Straight Talking in Townsville

Inspiring and determined Aboriginal and Torres Strait Islander women from across Queensland will gather in Townsville today for the region’s first Straight Talk summit, where they will build on their skills to become powerful advocates for making a difference in their communities.

Bringing together women from areas including Townsville, Brisbane, Cairns, Mount Isa and remote islands in the Torres Strait, the three-day Oxfam Australia Straight Talk program gives participants a forum to share their ideas and develop strategies to tackle inequality through political engagement.

The Straight Talk program, which has brought together about 900 Aboriginal and Torres Strait Islander women since it was started by Oxfam Australia a decade ago, connects women with the political system and a network of like-minded participants.

Straight Talk Facilitator Michelle Deshong, who has led the Straight Talk program since it began in 2009, said she was looking forward to the regional summit being held in her hometown.

“Straight Talk empowers women to become effective advocates for change and to lobby decision-makers for change that will bring about greater equality on the issues that matter to them – the issues that are affecting their families and their communities,” Ms Deshong said.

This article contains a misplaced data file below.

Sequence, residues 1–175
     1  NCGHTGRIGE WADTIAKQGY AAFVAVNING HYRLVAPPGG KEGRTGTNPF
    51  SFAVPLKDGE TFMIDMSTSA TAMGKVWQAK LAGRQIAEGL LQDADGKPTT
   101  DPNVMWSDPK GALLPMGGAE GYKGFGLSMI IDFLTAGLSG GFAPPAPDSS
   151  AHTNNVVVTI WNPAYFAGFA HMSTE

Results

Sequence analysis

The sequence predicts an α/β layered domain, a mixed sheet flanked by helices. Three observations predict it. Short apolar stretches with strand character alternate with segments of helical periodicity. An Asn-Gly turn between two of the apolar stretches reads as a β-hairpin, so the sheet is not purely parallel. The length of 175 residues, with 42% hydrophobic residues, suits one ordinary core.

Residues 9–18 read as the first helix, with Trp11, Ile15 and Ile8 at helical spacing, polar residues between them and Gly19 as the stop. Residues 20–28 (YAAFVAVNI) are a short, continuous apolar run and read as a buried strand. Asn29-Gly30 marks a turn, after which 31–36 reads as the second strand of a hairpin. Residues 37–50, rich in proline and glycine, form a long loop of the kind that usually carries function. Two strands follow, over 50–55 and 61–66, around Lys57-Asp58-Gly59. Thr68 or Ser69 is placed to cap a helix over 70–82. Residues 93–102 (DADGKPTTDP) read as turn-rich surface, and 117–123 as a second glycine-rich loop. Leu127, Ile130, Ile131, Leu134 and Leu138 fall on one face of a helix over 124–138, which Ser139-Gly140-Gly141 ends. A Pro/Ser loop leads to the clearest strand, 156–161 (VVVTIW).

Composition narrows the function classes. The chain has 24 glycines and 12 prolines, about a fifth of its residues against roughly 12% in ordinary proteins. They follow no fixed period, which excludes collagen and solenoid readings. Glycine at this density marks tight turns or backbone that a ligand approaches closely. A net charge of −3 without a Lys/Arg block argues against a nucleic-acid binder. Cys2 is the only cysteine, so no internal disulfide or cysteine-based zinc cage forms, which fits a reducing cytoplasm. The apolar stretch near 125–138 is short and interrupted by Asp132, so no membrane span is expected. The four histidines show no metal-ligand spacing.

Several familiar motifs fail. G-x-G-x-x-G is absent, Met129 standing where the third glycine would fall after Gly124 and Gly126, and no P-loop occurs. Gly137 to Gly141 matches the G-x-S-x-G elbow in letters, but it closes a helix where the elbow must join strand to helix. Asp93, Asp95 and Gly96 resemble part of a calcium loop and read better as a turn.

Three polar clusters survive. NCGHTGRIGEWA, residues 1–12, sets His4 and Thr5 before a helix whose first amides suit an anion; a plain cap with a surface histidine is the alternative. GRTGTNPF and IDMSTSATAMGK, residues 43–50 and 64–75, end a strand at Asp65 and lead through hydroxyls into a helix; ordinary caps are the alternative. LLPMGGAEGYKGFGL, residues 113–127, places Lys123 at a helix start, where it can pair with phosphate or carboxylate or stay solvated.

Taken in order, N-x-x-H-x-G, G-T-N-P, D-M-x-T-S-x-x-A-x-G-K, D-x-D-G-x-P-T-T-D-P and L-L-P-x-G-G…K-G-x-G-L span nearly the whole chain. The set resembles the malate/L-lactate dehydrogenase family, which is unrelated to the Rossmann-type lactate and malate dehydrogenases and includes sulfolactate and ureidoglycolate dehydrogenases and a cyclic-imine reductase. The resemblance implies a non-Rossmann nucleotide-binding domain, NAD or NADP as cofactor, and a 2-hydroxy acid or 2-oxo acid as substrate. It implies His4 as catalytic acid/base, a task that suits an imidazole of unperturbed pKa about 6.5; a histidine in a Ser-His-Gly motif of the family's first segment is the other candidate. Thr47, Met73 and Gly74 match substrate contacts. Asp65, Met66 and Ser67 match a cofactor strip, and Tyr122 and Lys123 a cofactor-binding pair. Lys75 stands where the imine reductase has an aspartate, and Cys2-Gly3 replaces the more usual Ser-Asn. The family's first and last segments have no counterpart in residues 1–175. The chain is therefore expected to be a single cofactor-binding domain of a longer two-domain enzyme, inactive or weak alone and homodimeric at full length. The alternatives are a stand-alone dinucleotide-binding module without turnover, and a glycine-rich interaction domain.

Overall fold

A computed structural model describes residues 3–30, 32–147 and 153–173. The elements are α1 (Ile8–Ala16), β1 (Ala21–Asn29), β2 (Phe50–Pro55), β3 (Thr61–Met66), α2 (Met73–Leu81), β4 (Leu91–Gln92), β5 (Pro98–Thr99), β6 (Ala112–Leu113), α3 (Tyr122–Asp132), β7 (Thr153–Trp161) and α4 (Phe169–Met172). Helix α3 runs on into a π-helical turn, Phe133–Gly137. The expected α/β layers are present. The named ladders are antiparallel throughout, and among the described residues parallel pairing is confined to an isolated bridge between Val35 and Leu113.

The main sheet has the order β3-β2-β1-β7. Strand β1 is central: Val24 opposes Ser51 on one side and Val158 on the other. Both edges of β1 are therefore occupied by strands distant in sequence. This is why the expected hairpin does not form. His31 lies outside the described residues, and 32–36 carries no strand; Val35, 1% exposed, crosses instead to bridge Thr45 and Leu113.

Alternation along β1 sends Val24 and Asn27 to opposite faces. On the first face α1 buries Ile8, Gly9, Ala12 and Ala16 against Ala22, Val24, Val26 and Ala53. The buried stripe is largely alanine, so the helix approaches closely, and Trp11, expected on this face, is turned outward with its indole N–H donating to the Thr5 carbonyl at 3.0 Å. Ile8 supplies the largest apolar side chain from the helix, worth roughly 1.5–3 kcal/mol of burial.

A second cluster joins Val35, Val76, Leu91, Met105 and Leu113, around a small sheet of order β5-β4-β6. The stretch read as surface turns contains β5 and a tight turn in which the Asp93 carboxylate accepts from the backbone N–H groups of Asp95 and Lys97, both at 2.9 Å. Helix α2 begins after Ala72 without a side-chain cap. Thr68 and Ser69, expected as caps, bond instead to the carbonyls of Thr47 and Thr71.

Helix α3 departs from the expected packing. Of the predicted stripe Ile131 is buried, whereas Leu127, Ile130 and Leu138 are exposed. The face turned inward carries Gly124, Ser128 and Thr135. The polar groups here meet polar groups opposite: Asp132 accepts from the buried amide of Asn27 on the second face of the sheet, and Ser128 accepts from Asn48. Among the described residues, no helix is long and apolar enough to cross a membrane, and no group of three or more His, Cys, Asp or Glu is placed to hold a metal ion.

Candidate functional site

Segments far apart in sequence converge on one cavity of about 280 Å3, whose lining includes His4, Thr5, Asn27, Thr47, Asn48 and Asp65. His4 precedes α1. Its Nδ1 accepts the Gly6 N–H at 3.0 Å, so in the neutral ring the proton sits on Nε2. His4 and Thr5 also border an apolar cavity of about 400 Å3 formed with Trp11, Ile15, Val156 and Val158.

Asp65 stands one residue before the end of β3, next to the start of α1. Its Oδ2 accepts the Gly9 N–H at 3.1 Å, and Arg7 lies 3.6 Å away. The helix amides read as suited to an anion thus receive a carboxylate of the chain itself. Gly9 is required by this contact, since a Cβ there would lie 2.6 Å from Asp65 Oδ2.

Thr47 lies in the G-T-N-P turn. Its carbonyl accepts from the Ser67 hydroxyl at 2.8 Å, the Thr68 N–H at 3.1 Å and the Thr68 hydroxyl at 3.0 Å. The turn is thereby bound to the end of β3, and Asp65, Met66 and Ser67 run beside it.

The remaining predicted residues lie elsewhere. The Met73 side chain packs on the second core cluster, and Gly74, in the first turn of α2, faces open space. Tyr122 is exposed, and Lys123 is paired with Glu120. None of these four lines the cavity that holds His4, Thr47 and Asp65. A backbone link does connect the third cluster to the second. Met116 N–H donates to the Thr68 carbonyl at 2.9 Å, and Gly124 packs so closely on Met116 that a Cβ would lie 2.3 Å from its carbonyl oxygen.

“The Townsville summit will also be attended by Queensland State MP Cynthia Lui and former Federal MP Cathy O’Toole, who will share with participants their invaluable insights and experience on connecting with Australia’s political systems.

“I am particularly excited about Straight Talk being held in Townsville, providing me with an opportunity to work with local women who are already demonstrating strong leadership and drive for change.”

Oxfam Australia Straight Talk Program Coordinator Worrin Williams said the regional summit, which would be attended by about 25 participants, inspired women with the confidence and tactics they needed to take on the challenges that were important to them.

“Women have a critical role in leading change and tackling inequality in their communities,” Ms Williams said.

“The regional summit will bring together women from a range of backgrounds to discuss common issues they may be facing in their communities – issues such as building better futures in areas of social justice, community development and representation – as well as challenges that may be relevant to their own lives and families.”

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